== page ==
The athletic apparel company Under Armour said it’s negotiating with athletes to delay their sponsorship payments. While Under Armour didn’t name any of the athletes it is working with on payment deferrals, the pros it has under contract include Stephen Curry, Jordan Spieth, Tom Brady, and Bryce Harper.
Under Armour’s disclosure was made during a conference call on Tuesday after the company announced a 23% revenue drop and an adjusted loss of $152 million for the quarter ended March 31. While some of the company’s poor performance was due to the global pandemic, Under Armour has been struggling for years.
Under Armour’s Problems Predate Virus
Under Armour was once a Wall Street darling. The company carved out new territory with its high-end sportswear, and gave juggernauts like Nike and Adidas a run for their money. It wooed big-name sports talent into endorsement deals before its meteoric growth began to stall.
UA’s business model relied more on department stores sales than did its peers, and malls were in decline even before the coronavirus started keeping people in their homes. Lululemon began to take high-end market share, while Nike and Adidas undercut UA on price. Meanwhile, unflattering stories leaked about UA management, including strip club visits paid for by the company. .
To appease its shareholders, Under Armour began to use more aggressive accounting techniques, but it may have been too aggressive. Last October, UA’s founder Kevin Plank stepped down as CEO. A month later, the US Justice Department and Securities and Exchange Commission launched both criminal and civil fraud investigations focusing on UA’s accounting practices.
Athletes Face Late Payments and Lost Equity
Professional athletes are beginning to feel the financial effects of the coronavirus outbreak. Many league restarts include renegotiated salaries and revenue splits. But athletes with UA sponsorship deals may feel even more pain.
UA sponsorship payments will likely be delayed just when athletes need them most, and the toll will be greater for some than it will be for others. As it turns out, a few of UA’s sponsorship deals include equity stakes in the company, and the value of UA’s equity has dropped more than 80% since 2015 — and could continue to drop.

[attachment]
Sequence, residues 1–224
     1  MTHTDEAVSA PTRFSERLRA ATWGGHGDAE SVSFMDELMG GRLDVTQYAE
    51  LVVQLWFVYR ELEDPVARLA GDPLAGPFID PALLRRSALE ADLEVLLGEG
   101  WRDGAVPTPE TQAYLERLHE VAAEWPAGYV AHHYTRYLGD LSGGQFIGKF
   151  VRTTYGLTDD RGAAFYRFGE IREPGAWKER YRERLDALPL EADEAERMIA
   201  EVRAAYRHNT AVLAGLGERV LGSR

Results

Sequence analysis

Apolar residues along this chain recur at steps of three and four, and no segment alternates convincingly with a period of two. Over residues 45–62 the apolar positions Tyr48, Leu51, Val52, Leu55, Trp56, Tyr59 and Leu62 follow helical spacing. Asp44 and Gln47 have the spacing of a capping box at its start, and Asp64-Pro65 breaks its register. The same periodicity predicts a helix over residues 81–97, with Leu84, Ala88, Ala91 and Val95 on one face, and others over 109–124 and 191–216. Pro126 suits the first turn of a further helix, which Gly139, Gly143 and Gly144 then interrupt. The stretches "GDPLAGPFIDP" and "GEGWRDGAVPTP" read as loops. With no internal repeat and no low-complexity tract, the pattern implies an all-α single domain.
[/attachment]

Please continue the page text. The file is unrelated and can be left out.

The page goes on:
Tom Brady was one of the first athletes to score an equity deal with Under Armour back in 2010. The former New England Patriot, now Tampa Bay Buccaneer, reportedly still has the same arrangement with Under Armour.
When Golden State Warrior Steph Curry renewed his contract with Under Armour in 2015, the stock was at an all-time high. Curry’s new deal included an equity stake in Under Armour, and his endorsement deal doesn’t expire until 2024.
Likewise, Justin Spieth signed a 10-year deal with UA in 2015 that includes an equity stake. Unfortunately, Spieth’s tournament drought mirrors Under Armour’s stock drought.
The exact terms and conditions of the athletes’ equity stakes aren’t known, and they may have been able to sell some, or all, of their equity over time. What is known is that Under Armour will continue to struggle in the near term. The company has projected that sales could drop by 50% to 60% in the current quarter.
So far, there’s no indication that either Nike or Adidas intend to renegotiate their sponsorship programs.